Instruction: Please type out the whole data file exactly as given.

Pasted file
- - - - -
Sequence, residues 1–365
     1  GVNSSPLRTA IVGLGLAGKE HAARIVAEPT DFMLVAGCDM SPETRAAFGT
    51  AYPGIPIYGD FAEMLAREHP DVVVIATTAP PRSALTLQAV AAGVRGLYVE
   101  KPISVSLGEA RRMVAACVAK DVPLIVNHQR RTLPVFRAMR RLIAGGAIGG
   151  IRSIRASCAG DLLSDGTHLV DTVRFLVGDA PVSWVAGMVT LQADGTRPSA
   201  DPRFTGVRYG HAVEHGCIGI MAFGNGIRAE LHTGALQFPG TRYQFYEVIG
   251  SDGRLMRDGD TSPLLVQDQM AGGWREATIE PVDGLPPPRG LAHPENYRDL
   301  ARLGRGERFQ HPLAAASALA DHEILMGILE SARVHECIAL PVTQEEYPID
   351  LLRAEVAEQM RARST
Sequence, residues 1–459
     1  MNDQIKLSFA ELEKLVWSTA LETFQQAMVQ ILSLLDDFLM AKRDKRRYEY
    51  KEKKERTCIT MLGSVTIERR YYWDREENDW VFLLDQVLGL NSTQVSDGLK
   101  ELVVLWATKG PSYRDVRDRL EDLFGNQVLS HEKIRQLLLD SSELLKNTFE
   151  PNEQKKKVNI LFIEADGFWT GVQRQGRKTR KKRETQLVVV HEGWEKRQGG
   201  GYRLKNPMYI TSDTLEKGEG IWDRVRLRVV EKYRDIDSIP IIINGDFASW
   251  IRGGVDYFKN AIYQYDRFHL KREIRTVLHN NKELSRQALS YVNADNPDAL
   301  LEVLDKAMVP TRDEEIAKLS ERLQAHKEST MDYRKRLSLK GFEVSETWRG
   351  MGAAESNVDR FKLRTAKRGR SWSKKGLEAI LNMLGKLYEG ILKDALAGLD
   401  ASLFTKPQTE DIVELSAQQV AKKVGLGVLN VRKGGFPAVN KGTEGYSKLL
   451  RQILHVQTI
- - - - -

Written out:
Sequence, residues 1–365
     1  GVNSSPLRTA IVGLGLAGKE HAARIVAEPT DFMLVAGCDM SPETRAAFGT
    51  AYPGIPIYGD FAEMLAREHP DVVVIATTAP PRSALTLQAV AAGVRGLYVE
   101  KPISVSLGEA RRMVAACVAK DVPLIVNHQR RTLPVFRAMR RLIAGGAIGG
   151  IRSIRASCAG DLLSDGTHLV DTVRFLVGDA PVSWVAGMVT LQADGTRPSA
   201  DPRFTGVRYG HAVEHGCIGI MAFGNGIRAE LHTGALQFPG TRYQFYEVIG
   251  SDGRLMRDGD TSPLLVQDQM AGGWREATIE PVDGLPPPRG LAHPENYRDL
   301  ARLGRGERFQ HPLAAASALA DHEILMGILE SARVHECIAL PVTQEEYPID
   351  LLRAEVAEQM RARST
Sequence, residues 1–459
     1  MNDQIKLSFA ELEKLVWSTA LETFQQAMVQ ILSLLDDFLM AKRDKRRYEY
    51  KEKKERTCIT MLGSVTIERR YYWDREENDW VFLLDQVLGL NSTQVSDGLK
   101  ELVVLWATKG PSYRDVRDRL EDLFGNQVLS HEKIRQLLLD SSELLKNTFE
   151  PNEQKKKVNI LFIEADGFWT GVQRQGRKTR KKRETQLVVV HEGWEKRQGG
   201  GYRLKNPMYI TSDTLEKGEG IWDRVRLRVV EKYRDIDSIP IIINGDFASW
   251  IRGGVDYFKN AIYQYDRFHL KREIRTVLHN NKELSRQALS YVNADNPDAL
   301  LEVLDKAMVP TRDEEIAKLS ERLQAHKEST MDYRKRLSLK GFEVSETWRG
   351  MGAAESNVDR FKLRTAKRGR SWSKKGLEAI LNMLGKLYEG ILKDALAGLD
   401  ASLFTKPQTE DIVELSAQQV AKKVGLGVLN VRKGGFPAVN KGTEGYSKLL
   451  RQILHVQTI